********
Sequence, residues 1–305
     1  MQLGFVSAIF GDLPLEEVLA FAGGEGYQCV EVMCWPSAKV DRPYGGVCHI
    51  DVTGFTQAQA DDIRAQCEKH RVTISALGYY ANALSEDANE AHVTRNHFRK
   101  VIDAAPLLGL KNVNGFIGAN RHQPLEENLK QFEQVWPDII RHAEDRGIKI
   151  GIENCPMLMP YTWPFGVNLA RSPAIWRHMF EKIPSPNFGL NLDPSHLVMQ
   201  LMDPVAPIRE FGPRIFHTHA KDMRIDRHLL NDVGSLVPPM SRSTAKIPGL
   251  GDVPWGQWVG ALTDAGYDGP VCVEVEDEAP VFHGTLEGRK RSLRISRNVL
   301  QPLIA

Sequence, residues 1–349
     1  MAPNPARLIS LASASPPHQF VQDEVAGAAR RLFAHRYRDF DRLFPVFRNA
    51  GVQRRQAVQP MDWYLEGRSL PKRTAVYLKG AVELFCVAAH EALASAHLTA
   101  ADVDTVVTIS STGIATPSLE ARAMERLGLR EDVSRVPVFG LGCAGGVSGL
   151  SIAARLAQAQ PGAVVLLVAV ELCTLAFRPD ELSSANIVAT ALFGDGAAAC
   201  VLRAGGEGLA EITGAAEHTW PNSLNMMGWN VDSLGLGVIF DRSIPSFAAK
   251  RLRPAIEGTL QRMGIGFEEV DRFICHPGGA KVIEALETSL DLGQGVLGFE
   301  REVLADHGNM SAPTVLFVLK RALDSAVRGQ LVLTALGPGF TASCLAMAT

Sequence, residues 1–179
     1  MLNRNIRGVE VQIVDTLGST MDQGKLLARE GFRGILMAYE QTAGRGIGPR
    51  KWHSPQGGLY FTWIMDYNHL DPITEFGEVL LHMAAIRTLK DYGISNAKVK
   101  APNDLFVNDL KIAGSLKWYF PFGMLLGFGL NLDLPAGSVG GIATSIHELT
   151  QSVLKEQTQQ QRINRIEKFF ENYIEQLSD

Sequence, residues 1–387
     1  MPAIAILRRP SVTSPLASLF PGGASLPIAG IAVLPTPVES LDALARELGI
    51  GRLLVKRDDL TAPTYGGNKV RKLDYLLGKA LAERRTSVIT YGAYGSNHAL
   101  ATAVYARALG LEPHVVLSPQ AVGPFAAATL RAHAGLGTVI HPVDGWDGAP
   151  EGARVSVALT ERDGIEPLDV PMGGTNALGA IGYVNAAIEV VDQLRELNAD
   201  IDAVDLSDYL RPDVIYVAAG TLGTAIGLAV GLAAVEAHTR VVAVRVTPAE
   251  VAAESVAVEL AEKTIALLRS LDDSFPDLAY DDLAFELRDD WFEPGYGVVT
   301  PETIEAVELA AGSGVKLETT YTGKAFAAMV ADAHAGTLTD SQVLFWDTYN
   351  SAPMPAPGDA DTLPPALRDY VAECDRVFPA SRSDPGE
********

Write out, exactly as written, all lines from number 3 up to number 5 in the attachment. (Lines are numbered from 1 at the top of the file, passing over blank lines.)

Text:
    51  DVTGFTQAQA DDIRAQCEKH RVTISALGYY ANALSEDANE AHVTRNHFRK
   101  VIDAAPLLGL KNVNGFIGAN RHQPLEENLK QFEQVWPDII RHAEDRGIKI
   151  GIENCPMLMP YTWPFGVNLA RSPAIWRHMF EKIPSPNFGL NLDPSHLVMQ